Success with Remazols!

A week or so ago I did some more work with the remazol/reactive dyes and this batch turned out pretty darn well, as far as the process actually working correctly. The colors did some funky stuff, which is to be expected with this process.
This picture shows four different designs. Starting on the left, I painted the fabric with green remazol (liquid reactive dye from Pro Chemical) mixed with Basilen Fixing Agent (by Jacquard, not sure yet where we buy it, it is supplied to us at school, I'll have to find out before the end of April and the free supplies (aka school) is over for good), oh, mixed in print paste and soda ash too. After that was dry, I mixed up a chartreuse, yellow orange and grass green and used my finger tip to dab it on randomly onto the green... as you can see, green remazol + green reactive = blue.

The next piece has two different designs on it. I painted it with the turquoise remazol first, then mixed up three different shades of blue/purple reactive dyes. The colors on this one turned out exactly as planned. On the left side of the fabric, I used a squirt bottle to just randomly squirt all three colors all over the fabric, and then used a plastic fork to move the dye around and mix it up. On the right side, I used the squirt bottle to make swirlies. These both turned out really well, the halo effect is very cool between the reactive and remazol. should have taken a close up... maybe I'll add one in the next post.

The third piece, all the way on the right was not at all what I expected. I painted it black with remazol, then used GREEN to make big leaf-ish shapes all over, just with my fingers. Then went back and put some of the yellow orange down the center of each shape. So, yet another funky and unexpected outcome: black remazol + green reactive = purple.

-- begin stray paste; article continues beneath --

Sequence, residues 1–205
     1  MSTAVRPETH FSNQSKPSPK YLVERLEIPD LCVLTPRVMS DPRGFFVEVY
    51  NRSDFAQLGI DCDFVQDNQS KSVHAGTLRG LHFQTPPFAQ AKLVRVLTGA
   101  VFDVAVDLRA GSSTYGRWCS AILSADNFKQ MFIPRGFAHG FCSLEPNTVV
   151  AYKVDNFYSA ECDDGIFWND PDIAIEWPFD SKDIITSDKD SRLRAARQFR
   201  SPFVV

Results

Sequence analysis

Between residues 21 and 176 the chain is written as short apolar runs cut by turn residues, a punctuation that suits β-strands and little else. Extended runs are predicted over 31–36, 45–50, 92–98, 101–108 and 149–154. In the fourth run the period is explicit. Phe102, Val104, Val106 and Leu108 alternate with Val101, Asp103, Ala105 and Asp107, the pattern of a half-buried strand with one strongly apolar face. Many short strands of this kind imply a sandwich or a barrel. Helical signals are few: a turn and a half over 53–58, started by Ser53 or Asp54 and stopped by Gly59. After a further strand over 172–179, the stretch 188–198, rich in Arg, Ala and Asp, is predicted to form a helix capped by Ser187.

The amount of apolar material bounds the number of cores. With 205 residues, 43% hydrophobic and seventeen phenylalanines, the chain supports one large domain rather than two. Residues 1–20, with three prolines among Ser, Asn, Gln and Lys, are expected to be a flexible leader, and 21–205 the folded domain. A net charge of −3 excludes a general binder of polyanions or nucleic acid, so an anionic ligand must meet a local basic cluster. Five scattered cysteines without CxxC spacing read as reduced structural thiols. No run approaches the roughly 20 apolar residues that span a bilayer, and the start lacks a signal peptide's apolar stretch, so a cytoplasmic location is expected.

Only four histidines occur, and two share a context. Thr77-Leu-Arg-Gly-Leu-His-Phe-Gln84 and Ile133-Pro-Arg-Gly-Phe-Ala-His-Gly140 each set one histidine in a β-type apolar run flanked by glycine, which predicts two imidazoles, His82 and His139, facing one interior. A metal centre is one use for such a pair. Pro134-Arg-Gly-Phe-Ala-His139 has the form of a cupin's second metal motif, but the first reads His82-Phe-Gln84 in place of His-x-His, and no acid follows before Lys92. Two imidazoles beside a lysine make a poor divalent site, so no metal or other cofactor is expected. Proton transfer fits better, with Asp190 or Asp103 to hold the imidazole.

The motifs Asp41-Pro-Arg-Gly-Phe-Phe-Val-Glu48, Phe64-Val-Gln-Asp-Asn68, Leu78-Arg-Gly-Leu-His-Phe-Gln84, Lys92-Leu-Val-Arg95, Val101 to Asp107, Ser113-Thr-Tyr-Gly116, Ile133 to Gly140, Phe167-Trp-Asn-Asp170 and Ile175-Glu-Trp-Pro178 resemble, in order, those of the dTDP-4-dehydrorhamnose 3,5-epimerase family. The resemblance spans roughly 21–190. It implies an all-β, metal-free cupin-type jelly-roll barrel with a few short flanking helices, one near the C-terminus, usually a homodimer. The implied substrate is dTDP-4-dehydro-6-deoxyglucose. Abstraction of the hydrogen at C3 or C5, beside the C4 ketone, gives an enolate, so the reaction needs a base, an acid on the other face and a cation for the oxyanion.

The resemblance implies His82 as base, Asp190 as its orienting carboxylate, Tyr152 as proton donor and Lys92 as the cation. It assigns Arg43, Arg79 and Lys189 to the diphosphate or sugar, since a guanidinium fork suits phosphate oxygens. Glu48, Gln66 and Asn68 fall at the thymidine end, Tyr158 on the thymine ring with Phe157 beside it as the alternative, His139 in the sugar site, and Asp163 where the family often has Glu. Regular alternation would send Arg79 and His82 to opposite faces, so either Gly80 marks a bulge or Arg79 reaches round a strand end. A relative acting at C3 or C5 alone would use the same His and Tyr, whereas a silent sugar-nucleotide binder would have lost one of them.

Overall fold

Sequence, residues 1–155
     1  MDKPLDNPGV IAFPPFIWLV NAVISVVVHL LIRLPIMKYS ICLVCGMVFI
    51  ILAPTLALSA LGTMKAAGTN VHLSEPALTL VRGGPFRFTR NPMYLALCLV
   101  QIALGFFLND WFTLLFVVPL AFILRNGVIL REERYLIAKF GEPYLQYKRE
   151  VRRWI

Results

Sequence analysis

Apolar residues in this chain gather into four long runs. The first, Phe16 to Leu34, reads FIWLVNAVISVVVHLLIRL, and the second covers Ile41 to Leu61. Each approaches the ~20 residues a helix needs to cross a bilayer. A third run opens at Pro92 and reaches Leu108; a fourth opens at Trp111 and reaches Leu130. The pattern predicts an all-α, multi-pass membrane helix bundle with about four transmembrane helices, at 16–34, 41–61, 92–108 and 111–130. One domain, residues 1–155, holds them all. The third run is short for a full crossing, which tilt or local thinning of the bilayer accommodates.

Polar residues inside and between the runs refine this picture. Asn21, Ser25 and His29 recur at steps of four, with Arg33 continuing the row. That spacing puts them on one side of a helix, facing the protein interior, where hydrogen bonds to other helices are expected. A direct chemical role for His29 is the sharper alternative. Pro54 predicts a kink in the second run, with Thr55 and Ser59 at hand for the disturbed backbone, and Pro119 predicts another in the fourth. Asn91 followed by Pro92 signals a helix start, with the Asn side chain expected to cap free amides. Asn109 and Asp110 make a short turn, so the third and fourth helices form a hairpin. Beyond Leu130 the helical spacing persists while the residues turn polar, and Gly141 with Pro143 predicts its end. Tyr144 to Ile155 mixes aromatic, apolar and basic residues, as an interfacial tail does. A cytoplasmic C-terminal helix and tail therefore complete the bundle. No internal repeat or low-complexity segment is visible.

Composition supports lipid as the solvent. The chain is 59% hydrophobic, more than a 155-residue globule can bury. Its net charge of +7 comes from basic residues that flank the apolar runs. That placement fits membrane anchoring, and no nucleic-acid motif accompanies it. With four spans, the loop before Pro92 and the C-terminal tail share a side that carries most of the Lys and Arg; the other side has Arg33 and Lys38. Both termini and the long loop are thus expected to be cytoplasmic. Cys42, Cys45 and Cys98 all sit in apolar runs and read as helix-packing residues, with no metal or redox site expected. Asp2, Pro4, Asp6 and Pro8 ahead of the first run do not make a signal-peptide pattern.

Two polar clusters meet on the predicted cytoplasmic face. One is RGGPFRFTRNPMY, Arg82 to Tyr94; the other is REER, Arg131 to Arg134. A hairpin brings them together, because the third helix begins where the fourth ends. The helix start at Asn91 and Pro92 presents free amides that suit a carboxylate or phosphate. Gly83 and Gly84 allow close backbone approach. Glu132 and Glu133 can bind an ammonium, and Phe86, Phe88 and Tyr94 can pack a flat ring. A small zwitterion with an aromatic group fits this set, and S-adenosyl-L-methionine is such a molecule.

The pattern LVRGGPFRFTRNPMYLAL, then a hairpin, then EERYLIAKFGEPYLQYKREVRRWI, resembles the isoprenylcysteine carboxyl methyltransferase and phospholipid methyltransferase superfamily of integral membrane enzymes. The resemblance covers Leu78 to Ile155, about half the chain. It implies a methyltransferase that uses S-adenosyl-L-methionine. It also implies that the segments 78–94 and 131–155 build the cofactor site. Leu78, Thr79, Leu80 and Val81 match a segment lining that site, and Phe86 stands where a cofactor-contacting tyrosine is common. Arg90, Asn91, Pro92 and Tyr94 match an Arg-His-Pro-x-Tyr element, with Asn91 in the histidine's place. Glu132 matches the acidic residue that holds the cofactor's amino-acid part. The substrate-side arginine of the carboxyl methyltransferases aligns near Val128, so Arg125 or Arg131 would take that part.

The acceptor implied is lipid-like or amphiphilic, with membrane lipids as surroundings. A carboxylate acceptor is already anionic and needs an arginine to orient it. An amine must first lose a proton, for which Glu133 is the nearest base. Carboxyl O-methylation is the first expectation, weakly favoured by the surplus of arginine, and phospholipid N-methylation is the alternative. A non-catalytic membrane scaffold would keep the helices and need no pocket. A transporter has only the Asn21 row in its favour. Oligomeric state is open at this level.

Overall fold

These are just some fabrics I already dyed a while ago that I overdyed. Far left was bright green and fuschia, I got it wet and scrunched it into a container and poured diluted bleach over it (like the low water immersion technique). Then once I saw it was acutally doing something, I took it out, rinsed it and put it in Anti-Chlor for 5 minutes and then washed/rinsed it out. The middle one started out a light brown/tan low water immersion and then I did low water again with a reddish brown that is now more red-orange. And on the right is the same light brown/tan low water fabric that I screen printed with purple.

These are 2 6-step gradations between green and blue. I sorta forgot that when you mix blue and green you get turquoise. I'm not a huge fan of turquoise, but I'm sure I'll use these for something. I used the instructions from Elin Noble's book, Dyes and Paints. Except I do mine flat on the table with a paint brush, instead of standing in front of 6 buckets for an hour stirring them all.

That's all I have for ya at the moment. Just wanted you to know that I am actually doing stuff when I say I have school at night.

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